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Kerry Washington
Screenshot: Eric McCandless (ABC)
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“Over A Cliff” is a fitting end to Scandal. It perfectly captures everything viewers loved about the show and the infuriating moments that left fans disappointed and unsure of what was even going on. Scandal was never entirely sure of what it wanted to be. It started as an exciting case-of-the-week soap opera. Then it was a spy mystery. Then Olivia got kidnapped and well… Scandal became whatever it is in “Over A Cliff.” Was that the finale fans wanted? It’s possible. I have to believe there are some Scandal fans out there (other than Shonda Rhimes) who were on the edge of their seats over B613 and Papa Pope. But for fans of Olitz, David and Abby, Huck, or Mellie, this was a disappointing disconnect from what made Scandal truly great.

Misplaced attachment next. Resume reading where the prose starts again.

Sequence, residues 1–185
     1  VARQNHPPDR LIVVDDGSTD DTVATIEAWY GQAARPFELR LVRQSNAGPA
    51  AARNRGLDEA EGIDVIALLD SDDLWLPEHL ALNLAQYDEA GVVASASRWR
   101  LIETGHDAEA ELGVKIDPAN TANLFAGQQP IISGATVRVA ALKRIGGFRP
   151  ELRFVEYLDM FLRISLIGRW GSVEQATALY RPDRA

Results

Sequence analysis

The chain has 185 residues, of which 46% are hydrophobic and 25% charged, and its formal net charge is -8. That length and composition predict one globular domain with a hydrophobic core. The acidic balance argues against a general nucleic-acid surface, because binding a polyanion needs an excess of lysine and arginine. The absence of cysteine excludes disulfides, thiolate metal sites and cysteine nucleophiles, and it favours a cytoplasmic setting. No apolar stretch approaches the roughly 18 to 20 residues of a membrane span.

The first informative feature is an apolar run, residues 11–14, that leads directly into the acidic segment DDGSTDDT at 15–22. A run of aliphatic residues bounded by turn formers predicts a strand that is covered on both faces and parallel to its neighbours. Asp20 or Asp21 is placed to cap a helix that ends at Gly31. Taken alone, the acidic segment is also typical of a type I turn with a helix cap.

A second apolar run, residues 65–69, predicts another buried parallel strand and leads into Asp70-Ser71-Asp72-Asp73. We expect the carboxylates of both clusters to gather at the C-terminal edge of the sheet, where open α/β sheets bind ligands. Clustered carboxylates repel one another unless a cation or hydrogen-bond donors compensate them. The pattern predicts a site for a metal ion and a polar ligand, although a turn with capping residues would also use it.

Take, for example, the show’s big final reveal—Olivia’s presidential portrait hanging in the National Gallery. Somehow, after the events of Scandal, Olivia finally becomes president... I guess. When I saw that portrait, all I thought was, “Wow, that’s the Scandal I’ve wanted to watch all these years!” When Scandal started, it was radical because it was one of the first shows to put an imperfect, flawed black woman in the spotlight. We wanted Olivia to succeed, even when she failed. Even when it seemed like her actions didn’t make sense, we could trust her intuition. As Scandal went on, Olivia lost her white hat and her motivations became unclear. If the Oval corrupts anyone who comes near it, is future President Olivia Pope corrupt? Did Olivia really get her white hat back?